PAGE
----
Global confectionery supplier Archer Daniels Midland (ADM) is injecting US$4.4m (€3m) into its Ivory Coast cocoa programme as the country tries to recover from its recent civil turmoil and an EU ban on one of the region’s most important exports.
As ADM Ivory Coast cocoa operations start to resume, the company said it is meeting with cocoa cooperatives to offer support in restoring production and marketing operations in the region.
Although the majority of the country’s unrest occurred in the city of Abidjan, farmers throughout the Ivory Coast have been affected by a breakdown of the supply chain, said the ingredients supplier.
It is estimated that almost half a million tonnes of cocoa were held up at the country’s ports by the conflict which lasted more than seven months, according to ADM.
The new investment forms part of the firm’s bid to resume full production in the Ivory Coast, said the firm who has organised a 22-person team to help local coca growers improve their farming practices to boost cocoa supply.
The teams are split into four groups, one for each region in the Ivory Coast and are comprised of agricultural engineers, marketing representatives and cocoa farming specialists.
The US$4.4m investment is part of ADM’s Socially and Environmentally Responsible Agricultural Practices Programme (SERAP), which was set up by the company in 2005.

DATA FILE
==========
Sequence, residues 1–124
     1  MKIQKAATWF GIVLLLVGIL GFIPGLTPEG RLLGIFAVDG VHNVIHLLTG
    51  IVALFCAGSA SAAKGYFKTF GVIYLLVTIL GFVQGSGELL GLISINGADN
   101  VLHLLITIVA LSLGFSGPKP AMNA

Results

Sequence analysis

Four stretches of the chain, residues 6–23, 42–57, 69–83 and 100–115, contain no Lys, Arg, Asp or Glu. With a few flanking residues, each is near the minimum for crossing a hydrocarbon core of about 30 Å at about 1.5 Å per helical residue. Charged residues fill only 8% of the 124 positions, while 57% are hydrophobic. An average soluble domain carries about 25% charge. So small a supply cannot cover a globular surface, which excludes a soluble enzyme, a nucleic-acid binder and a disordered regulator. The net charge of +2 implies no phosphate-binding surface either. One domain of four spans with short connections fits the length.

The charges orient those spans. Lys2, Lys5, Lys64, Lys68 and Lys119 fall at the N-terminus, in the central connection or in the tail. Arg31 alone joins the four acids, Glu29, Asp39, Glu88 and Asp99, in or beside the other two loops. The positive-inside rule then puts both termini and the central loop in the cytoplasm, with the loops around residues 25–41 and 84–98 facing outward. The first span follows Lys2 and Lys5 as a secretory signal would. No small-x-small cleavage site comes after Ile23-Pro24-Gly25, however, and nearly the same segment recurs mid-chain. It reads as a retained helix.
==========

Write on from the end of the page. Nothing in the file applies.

One of the world’s first sustainable cocoa programmes, the scheme has distributed over US$10.4m to cooperatives and their members according to ADM.
ADM said participation in the SERAP programme has tripled since its implementation in 2005, providing almost 49,000 metric tonnes of sustainable cocoa over this time.
“SERAP provides education to cooperatives regarding management and market access, giving cocoa growers the business skills to become more prosperous farmers,” said the firm.
According to ADM, during SERAP’s initial 2005-2006 growing year, six cooperatives with approximately 6,000 farmer members participated and delivered 4,000 metric tonnes of cocoa.
In the 2010-2011, over 22,000 farmers delivered more than 24,000 metric tones of the commodity.
“Cocoa bean quality analysis has shown that SERAP participants regularly achieve a higher standard of quality due to the technical support and financial incentives provided through the programme,” said ADM.
Cocoa growers who commit to implementing sustainable farming practices are also awarded with financial incentives, it said.
Since SERAP’s inception in 2005, ADM said it has distributed more than $10.4m in incentives to cooperatives and their members.